Dealing with these symptoms for days on end make it difficult for people to quit Xanax, especially if they can’t take time off from work or school. However, the physical side of benzodiazepine addiction is just one part. Before quitting Xanax, you should also consider what that might mean for your mental health.

Most people start taking Xanax in response to a severe anxiety or panic disorder. Without Xanax, do you have the mental health coping skills to manage those feelings? If not, suddenly quitting Xanax could wreak havoc on your mental health and cause issues throughout all facets of your life. That’s why your best option for quitting Xanax is to seek help at a Xanax addiction treatment center in Florida.

How Can a Xanax Addiction Treatment Center Help Me?

When you seek help for benzodiazepine addiction, the first step is usually a detox program. With supervision from medical staff and addiction experts, you can gradually taper off of Xanax and minimize your withdrawal symptoms. Not only will this make you more comfortable, but it will greatly increase the likelihood of successfully quitting Xanax. This is because avoiding Xanax withdrawal symptoms makes it much easier to wean yourself off of this benzodiazepine without relapsing.

However, Xanax addiction treatment does not stop with a drug detox program. While detox can help you overcome Xanax dependence and the physical need to take this medication, it does not eliminate cravings or address your underlying anxiety issues. For that, the best way to recover from Xanax abuse is to enroll in a dual diagnosis program.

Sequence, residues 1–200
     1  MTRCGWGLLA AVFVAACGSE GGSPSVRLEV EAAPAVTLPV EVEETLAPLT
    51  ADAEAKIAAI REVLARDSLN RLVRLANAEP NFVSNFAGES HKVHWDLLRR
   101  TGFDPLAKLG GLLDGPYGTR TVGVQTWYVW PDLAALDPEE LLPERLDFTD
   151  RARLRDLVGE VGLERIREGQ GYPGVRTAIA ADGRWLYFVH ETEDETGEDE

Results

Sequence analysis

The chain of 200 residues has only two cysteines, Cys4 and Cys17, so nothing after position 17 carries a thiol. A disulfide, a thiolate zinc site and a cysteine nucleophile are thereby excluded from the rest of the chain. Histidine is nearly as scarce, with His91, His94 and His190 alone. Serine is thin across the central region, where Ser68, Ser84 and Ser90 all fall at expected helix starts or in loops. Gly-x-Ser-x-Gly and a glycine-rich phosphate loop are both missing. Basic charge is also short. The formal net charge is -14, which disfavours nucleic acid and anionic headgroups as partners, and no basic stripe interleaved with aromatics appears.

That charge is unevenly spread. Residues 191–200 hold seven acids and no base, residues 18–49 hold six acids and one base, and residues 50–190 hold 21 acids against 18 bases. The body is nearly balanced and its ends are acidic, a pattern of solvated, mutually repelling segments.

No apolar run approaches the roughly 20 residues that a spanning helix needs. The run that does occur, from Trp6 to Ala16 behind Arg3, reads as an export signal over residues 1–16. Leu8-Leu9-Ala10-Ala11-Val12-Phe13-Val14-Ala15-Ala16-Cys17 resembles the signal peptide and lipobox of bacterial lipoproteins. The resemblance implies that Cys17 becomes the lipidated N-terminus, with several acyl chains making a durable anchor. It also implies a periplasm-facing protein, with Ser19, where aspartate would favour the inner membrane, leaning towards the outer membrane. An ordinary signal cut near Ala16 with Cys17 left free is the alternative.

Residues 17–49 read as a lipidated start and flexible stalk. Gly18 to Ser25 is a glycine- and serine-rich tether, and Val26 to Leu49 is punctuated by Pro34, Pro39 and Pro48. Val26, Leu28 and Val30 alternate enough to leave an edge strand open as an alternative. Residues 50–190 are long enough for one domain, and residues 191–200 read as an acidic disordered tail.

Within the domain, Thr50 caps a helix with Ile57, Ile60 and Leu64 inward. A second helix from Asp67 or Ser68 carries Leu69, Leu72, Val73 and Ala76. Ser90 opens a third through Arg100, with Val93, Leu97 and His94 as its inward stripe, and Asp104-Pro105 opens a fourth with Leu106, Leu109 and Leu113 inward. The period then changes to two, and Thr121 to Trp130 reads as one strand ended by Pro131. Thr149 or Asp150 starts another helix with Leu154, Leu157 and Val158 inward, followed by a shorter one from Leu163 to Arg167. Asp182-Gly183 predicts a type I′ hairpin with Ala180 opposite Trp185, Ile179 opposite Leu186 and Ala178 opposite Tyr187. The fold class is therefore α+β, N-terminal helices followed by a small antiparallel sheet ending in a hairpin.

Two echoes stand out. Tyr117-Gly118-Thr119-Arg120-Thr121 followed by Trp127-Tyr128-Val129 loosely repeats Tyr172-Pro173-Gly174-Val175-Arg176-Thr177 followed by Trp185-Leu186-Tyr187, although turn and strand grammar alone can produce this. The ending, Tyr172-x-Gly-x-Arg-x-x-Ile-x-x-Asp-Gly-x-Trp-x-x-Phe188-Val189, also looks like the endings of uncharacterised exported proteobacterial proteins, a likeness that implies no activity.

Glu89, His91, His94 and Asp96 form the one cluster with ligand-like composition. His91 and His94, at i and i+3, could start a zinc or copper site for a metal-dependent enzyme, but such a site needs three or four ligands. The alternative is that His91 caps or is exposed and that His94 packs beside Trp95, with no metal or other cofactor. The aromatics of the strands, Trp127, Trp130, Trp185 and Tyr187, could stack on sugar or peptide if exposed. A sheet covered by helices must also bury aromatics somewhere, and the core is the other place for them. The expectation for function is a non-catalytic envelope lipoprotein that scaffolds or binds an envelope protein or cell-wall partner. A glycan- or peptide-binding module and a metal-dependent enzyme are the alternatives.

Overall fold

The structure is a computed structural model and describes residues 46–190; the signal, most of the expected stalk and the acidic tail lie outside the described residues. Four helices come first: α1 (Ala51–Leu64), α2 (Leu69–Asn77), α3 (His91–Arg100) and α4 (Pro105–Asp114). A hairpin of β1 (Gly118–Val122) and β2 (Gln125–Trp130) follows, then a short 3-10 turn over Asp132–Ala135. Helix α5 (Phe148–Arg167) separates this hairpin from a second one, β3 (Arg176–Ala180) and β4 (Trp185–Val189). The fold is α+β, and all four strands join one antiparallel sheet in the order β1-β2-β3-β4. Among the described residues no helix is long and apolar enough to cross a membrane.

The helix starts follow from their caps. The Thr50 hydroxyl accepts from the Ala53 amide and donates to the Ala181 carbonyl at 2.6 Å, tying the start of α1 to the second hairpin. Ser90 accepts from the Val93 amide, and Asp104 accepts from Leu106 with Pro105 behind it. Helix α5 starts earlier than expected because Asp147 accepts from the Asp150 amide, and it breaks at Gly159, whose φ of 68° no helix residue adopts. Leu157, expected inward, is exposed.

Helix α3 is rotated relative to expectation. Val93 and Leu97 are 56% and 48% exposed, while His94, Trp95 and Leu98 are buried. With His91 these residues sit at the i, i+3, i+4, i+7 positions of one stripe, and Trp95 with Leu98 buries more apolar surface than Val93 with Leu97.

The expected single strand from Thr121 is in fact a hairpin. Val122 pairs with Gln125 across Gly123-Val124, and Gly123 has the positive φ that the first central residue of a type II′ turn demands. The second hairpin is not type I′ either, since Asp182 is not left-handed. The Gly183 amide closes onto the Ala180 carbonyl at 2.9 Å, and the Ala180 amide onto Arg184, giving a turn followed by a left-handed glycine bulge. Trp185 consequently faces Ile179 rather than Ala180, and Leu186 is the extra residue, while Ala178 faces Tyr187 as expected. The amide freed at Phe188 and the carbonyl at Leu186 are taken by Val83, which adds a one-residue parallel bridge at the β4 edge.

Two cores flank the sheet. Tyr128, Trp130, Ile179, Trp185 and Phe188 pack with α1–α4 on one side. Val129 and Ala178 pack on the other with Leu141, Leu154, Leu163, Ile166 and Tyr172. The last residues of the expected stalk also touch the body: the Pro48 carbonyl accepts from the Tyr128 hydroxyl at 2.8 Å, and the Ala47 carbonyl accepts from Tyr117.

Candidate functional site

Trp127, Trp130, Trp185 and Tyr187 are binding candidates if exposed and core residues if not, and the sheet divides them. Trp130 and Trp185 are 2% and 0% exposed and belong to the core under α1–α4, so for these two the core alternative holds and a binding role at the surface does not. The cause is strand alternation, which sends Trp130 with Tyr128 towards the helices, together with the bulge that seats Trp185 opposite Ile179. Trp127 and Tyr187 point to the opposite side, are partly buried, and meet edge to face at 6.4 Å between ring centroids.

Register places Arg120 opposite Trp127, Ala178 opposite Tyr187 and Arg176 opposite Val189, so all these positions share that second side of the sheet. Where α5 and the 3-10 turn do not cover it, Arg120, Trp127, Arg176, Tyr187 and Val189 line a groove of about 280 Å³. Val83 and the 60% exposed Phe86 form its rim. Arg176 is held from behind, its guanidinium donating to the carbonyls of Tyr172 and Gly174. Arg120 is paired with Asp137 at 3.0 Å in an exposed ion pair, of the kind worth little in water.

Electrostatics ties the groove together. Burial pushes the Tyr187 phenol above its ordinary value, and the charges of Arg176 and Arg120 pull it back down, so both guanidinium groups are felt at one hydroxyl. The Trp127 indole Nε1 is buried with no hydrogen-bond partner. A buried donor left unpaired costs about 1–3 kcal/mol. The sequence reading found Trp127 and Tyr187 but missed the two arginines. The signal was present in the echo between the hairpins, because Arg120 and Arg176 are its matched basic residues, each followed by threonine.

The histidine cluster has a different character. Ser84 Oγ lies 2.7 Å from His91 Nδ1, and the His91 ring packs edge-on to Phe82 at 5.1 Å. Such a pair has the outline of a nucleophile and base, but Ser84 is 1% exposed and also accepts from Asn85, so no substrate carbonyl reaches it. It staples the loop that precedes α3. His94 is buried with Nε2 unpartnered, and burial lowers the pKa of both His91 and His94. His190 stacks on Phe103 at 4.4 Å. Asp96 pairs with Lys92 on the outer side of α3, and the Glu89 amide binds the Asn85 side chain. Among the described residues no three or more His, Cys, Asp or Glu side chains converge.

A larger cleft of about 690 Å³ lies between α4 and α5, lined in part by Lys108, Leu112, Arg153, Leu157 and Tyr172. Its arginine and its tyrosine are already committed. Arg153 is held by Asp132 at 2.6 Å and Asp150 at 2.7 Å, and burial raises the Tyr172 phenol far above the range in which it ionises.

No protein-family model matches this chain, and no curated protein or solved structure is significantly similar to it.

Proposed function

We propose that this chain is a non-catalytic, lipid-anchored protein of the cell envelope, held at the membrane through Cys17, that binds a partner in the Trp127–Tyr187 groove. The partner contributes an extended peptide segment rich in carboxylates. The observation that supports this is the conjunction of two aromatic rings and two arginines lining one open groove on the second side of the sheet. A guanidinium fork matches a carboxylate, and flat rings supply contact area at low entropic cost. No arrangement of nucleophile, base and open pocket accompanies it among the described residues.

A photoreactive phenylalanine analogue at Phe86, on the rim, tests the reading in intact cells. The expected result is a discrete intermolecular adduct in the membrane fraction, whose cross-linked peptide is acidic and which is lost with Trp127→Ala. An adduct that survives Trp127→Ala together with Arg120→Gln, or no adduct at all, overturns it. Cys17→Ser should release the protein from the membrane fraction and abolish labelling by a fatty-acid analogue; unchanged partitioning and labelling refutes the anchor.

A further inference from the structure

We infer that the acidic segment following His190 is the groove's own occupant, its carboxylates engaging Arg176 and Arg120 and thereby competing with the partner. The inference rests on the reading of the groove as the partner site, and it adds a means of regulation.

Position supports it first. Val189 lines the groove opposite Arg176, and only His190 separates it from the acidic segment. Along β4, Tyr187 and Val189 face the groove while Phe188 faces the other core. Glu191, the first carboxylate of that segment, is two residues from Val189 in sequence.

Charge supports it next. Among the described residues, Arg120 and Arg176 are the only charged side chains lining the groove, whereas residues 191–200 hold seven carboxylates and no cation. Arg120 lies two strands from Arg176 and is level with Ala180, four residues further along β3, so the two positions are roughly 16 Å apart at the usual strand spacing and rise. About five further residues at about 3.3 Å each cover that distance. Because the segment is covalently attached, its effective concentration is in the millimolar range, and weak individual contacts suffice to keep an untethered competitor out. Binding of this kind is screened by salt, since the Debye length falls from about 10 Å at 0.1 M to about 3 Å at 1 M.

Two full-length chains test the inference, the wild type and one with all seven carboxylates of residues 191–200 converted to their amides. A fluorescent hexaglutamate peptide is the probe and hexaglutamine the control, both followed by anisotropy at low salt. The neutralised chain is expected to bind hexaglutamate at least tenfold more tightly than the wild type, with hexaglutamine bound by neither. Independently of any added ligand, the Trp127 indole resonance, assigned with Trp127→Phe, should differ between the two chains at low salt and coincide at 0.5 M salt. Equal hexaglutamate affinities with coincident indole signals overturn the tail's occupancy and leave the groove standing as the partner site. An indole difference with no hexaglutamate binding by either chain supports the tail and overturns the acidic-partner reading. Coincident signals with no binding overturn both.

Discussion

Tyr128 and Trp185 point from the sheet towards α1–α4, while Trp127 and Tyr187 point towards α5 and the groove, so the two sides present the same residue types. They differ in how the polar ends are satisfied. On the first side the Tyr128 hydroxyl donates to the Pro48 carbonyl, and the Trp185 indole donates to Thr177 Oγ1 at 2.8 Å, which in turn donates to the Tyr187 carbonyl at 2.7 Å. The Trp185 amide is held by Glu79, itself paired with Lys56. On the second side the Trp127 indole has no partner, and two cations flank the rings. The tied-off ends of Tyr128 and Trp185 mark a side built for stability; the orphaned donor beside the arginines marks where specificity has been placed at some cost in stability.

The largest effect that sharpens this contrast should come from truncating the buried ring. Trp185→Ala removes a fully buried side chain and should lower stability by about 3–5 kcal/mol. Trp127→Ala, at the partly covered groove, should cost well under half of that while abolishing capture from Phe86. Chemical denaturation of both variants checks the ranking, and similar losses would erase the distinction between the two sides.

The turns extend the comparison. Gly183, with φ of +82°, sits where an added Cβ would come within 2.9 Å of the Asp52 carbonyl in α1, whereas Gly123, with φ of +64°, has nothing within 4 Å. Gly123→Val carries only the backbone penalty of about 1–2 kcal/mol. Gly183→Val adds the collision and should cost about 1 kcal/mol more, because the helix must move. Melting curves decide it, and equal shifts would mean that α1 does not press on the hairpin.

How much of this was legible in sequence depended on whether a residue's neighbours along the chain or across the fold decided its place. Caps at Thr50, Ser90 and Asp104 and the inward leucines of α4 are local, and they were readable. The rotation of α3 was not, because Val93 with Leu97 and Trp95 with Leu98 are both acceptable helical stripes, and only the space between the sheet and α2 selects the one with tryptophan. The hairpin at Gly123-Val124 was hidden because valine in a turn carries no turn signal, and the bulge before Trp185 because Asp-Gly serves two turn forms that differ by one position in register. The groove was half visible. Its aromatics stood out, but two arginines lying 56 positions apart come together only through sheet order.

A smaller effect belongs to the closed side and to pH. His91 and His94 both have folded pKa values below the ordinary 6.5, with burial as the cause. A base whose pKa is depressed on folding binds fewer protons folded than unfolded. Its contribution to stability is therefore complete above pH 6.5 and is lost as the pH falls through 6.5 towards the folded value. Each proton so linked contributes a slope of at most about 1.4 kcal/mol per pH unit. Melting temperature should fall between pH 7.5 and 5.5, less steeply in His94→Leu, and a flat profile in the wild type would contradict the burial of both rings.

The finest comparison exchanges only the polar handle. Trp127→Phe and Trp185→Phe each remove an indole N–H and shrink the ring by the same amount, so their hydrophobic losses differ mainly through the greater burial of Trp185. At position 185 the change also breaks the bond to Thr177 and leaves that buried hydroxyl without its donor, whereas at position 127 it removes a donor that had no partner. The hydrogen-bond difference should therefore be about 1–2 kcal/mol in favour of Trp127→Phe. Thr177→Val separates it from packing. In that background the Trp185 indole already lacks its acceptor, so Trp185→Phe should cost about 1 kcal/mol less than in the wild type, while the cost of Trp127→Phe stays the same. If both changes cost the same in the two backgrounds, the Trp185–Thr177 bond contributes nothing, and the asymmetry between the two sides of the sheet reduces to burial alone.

With inpatient dual diagnosis programming, you can receive care that takes into account both your Xanax addiction and your underlying mental health issue. Whereas traditional rehab may not be able to take care of your mental health needs, dual diagnosis programs can help you develop addiction recovery skills while also working on mental health coping skills. This can also help decrease your desire to relapse on Xanax, since you will have new, effective coping strategies to use.

When you enroll in Xanax addiction treatment, you give yourself the best chance at a happy, healthy life, free from addiction. And with Xanax rehabilitation programs in Florida that can also take care of your mental health, there’s no reason not to take the next step in your recovery.

If you’d like to learn more about how we can help with your addiction to Xanax, call our friendly and respectful admissions specialists at 888-512-9802 or ask your questions online. Grappling with addiction to a mental health aid is challenging, but that fight is much easier when you have professional support.

  • Medicare Accepted
  • Aetna Insurance
  • Ambetter Insurance
  • Beacon Insurance
  • Cigna Health
  • Cigna Healthspring
  • ComPsych
  • Florida Health Care Plan
  • First Health
  • Florida Hospital Care Advantage
  • Humana Behavioral Health
  • Humana Military
  • Multiplan
  • New Directions
  • Triwest
  • USA Managed Care
  • VA Choice Program
  • Valusia Health
  • Wellcare
  • ChampVA